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A prospective cohort study on orally administered heroin substitution for severely addicted opioid users


Frick, Ulrich; Rehm, Jürgen; Kovacic, S; Ammann, J; Uchtenhagen, Ambros (2006). A prospective cohort study on orally administered heroin substitution for severely addicted opioid users. Addiction, 101(11):1631-1639.

Abstract

Aims To assess the efficacy and safety of orally administered heroin [diacetylmorphine (DAM)] tablets in substitution treatment of severely addicted opioid users.
Design An open-label, prospective cohort study with two non-randomly assigned treatment arms and historical controls: DAM tablets only versus DAM tablets combined with injected DAM and/or other opioids, with an observation period of 1 year.
Setting Twenty-one out-patient treatment centres of the Swiss heroin-assisted treatment programme.
Participants A total of 128 patients received DAM tablets only, and 237 patients received a combination of orally and intravenously applied DAM and other opioids.
Measurements Retention rate after 1 year; number of serious adverse events; dosage of DAM over time; subjective tolerance of study medication.
Findings In the intention-to-treat analysis, 1-year retention rates after 1 year in the DAM tablets-only group [0.804, 95% confidence interval (CI) = 0.735–0.873] as well as in the subgroup combining oral application of DAM with intravenous application or other opioids (0.843, 95% CI = 0.797–0.889) were higher compared to historical controls (Swiss cohort of patients who had been substituted intravenously with DAM; 1-year retention rate = 0.70). Rates of serious adverse events under study medication (tablets only = 0.038 per application year; tablets in combination = 0.028 per application year) were comparable to the historical rate of the Swiss heroin-assisted treatment (0.043).
Conclusions DAM tablets seem to be an effective and safe application mode of heroin-assisted substitution treatment. Randomized clinical trials to compare its relative efficacy to other substances are necessary.

Abstract

Aims To assess the efficacy and safety of orally administered heroin [diacetylmorphine (DAM)] tablets in substitution treatment of severely addicted opioid users.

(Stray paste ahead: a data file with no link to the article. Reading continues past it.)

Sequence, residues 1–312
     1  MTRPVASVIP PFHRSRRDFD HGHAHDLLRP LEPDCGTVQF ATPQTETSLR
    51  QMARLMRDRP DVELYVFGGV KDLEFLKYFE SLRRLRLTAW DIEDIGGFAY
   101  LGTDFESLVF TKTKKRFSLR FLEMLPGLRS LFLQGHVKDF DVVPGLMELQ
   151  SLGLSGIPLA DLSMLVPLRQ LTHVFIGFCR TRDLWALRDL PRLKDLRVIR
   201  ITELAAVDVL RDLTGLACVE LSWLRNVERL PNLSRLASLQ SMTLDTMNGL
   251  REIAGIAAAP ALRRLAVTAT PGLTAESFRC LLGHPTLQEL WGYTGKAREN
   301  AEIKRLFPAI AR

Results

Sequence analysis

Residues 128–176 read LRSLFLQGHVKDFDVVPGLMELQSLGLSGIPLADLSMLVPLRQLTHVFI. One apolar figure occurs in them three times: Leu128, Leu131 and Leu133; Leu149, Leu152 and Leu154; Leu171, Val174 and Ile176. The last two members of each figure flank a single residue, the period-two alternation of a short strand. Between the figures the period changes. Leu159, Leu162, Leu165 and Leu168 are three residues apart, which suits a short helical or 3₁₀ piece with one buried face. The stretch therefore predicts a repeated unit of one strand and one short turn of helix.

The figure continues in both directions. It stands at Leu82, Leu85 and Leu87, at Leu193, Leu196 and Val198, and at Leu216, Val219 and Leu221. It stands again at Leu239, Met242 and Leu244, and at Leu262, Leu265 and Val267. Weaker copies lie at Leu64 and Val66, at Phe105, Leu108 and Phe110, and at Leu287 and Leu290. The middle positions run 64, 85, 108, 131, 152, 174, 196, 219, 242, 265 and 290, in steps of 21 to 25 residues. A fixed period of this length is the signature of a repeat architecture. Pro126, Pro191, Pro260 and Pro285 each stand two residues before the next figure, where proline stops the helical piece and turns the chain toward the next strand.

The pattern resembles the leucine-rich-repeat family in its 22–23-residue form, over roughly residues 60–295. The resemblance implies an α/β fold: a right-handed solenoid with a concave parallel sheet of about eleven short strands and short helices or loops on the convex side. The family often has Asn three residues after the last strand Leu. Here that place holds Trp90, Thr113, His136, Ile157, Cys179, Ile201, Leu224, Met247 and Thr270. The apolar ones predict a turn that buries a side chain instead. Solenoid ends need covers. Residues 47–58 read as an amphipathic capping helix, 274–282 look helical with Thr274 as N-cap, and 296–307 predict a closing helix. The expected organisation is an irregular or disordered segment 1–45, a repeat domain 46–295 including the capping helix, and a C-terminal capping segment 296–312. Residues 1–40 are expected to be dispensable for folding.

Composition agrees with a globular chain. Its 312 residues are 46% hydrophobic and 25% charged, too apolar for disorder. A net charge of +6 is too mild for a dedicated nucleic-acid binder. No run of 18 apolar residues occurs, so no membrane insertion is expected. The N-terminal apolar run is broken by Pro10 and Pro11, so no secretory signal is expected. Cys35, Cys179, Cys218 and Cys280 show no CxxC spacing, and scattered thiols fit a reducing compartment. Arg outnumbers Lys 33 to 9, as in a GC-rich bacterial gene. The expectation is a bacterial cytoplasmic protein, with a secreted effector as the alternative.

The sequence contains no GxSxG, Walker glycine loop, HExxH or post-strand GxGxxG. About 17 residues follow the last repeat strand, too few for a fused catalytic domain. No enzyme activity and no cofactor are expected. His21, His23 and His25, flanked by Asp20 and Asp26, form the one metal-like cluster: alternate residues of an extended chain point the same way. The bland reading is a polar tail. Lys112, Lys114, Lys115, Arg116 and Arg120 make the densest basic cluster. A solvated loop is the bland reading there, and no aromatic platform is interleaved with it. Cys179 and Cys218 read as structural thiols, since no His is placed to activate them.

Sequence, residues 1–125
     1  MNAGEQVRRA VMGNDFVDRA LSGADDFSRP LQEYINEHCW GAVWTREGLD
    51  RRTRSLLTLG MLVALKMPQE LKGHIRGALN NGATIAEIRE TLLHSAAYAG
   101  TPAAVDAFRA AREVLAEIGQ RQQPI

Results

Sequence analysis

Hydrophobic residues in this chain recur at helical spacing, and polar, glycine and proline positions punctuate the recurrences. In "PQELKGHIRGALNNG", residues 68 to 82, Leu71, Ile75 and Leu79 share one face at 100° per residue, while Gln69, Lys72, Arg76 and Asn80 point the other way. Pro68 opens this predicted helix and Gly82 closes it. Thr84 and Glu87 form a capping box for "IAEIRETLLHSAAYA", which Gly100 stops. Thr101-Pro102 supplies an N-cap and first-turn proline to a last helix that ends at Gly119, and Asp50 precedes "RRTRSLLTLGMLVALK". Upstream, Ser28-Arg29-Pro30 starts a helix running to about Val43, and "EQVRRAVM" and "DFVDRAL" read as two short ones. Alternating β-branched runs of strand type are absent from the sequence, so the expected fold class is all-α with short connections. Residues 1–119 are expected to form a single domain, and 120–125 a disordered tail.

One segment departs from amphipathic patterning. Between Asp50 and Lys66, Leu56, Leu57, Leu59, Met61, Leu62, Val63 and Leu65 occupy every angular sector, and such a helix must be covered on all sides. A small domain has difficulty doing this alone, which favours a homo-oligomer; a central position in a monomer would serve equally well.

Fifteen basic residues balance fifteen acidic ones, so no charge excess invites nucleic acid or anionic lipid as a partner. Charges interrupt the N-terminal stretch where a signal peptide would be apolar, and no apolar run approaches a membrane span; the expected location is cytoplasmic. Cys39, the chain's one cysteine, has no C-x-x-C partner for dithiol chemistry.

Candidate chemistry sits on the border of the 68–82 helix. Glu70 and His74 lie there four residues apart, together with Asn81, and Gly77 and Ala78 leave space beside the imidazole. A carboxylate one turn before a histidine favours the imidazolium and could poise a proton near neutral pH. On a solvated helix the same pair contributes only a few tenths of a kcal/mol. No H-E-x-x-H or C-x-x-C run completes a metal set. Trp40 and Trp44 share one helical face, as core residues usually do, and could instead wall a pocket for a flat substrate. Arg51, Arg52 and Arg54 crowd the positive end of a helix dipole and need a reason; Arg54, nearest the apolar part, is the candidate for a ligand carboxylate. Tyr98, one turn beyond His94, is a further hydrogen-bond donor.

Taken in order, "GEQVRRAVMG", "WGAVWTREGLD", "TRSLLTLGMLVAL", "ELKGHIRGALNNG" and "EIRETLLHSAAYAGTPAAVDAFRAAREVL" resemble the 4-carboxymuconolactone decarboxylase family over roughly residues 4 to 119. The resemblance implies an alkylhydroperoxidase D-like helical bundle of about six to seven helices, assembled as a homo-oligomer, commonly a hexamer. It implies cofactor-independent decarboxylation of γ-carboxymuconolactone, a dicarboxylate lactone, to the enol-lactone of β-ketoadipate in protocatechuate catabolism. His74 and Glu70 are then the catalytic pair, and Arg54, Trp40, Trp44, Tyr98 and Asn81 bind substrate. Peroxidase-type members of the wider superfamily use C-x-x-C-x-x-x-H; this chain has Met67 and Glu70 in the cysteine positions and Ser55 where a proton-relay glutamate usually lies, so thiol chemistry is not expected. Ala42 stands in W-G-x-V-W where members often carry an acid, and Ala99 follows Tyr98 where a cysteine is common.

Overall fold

Design An open-label, prospective cohort study with two non-randomly assigned treatment arms and historical controls: DAM tablets only versus DAM tablets combined with injected DAM and/or other opioids, with an observation period of 1 year.
Setting Twenty-one out-patient treatment centres of the Swiss heroin-assisted treatment programme.
Participants A total of 128 patients received DAM tablets only, and 237 patients received a combination of orally and intravenously applied DAM and other opioids.
Measurements Retention rate after 1 year; number of serious adverse events; dosage of DAM over time; subjective tolerance of study medication.
Findings In the intention-to-treat analysis, 1-year retention rates after 1 year in the DAM tablets-only group [0.804, 95% confidence interval (CI) = 0.735–0.873] as well as in the subgroup combining oral application of DAM with intravenous application or other opioids (0.843, 95% CI = 0.797–0.889) were higher compared to historical controls (Swiss cohort of patients who had been substituted intravenously with DAM; 1-year retention rate = 0.70). Rates of serious adverse events under study medication (tablets only = 0.038 per application year; tablets in combination = 0.028 per application year) were comparable to the historical rate of the Swiss heroin-assisted treatment (0.043).
Conclusions DAM tablets seem to be an effective and safe application mode of heroin-assisted substitution treatment. Randomized clinical trials to compare its relative efficacy to other substances are necessary.

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Additional indexing

Item Type:Journal Article, refereed, original work
Communities & Collections:04 Faculty of Medicine > Swiss Research Institute for Public Health and Addiction
Dewey Decimal Classification:610 Medicine & health
Language:English
Date:2006
Deposited On:20 May 2014 11:36
Last Modified:05 Apr 2016 17:51
Publisher:Wiley-Blackwell
ISSN:0965-2140
Publisher DOI:https://doi.org/10.1111/j.1360-0443.2006.01569.x
PubMed ID:17034443

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